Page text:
“I won that battle,” Gonzalez notes proudly. “But the real reason I chose ‘Runs All Warehouses’ is because I was one of the few people that made use of the warehouse spaces. I mean the reverb of the actual building. I would stop the record and then just pop in the beginning of the song and let it reverberate in the room. Or I used to slow down the record gradually and let it get really muddy and nice and dirty and then it would create this wall of sound in the warehouse.”
Gonzalez’s awareness of his sonic environment is a big part of what makes him such a great DJ and producer. “I’m always picking up sounds, even if it’s just the windshield wipers or sounds on the TV. I always like to listen to what’s happening in the room, like clapping your hands when you’re in the shower. I used to record myself making sounds in my mom’s shower and then I would use it in some of my early productions. For me, it has always been about the sound.”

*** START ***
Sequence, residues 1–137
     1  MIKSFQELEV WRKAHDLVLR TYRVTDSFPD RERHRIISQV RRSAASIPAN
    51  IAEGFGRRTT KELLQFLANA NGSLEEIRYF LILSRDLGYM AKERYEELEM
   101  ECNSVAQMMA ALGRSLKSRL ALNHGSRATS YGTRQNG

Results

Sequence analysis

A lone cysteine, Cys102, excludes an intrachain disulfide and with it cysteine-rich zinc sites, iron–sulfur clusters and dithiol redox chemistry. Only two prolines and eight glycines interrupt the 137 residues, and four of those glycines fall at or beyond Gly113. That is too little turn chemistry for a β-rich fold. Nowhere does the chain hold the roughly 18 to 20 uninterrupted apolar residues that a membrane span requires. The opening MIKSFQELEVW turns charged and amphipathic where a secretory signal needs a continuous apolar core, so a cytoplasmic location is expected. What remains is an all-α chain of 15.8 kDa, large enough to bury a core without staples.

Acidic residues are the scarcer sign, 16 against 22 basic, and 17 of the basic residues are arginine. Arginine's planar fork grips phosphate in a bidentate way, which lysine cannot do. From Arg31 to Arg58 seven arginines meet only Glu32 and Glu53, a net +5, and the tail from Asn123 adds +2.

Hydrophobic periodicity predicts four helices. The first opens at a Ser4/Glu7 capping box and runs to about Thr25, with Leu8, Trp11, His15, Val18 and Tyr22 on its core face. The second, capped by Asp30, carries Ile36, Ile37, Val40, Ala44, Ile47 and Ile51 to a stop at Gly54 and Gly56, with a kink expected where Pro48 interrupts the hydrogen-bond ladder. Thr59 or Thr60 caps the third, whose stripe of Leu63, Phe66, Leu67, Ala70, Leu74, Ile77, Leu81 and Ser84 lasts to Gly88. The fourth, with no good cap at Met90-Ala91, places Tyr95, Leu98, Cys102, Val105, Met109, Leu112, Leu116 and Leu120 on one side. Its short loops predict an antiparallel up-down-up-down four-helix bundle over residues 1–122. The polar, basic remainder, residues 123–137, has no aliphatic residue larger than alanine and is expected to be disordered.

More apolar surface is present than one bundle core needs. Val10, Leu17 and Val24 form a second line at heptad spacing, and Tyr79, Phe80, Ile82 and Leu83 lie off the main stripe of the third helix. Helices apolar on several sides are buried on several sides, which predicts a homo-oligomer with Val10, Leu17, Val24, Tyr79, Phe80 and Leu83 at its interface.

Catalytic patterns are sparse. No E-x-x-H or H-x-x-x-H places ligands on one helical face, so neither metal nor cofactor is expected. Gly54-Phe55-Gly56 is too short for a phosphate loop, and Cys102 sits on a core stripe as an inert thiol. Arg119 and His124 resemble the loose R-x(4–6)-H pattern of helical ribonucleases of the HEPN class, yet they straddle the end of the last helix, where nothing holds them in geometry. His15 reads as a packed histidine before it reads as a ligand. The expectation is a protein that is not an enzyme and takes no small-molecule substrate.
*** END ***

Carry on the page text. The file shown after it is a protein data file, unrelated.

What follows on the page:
From just 1997 to 2005 alone, Gonzalez produced music on over 100 vinyl releases, on labels such as Mictlan, Warner Bros., Sound Sphere, N2O and Thermal. He has adopted several DJ names over the years to describe his varied tastes and sounds. B-Boy 3000 is a futuristic hip-hop/jungle hybrid. 6Blocc is for dubstep. His recent cumbia project is Xikano. But R.A.W. is the name that brought him to prominence all over Southern California, when he tore up the early rave scene by lethally applying his hip-hop scratching techniques to dance music.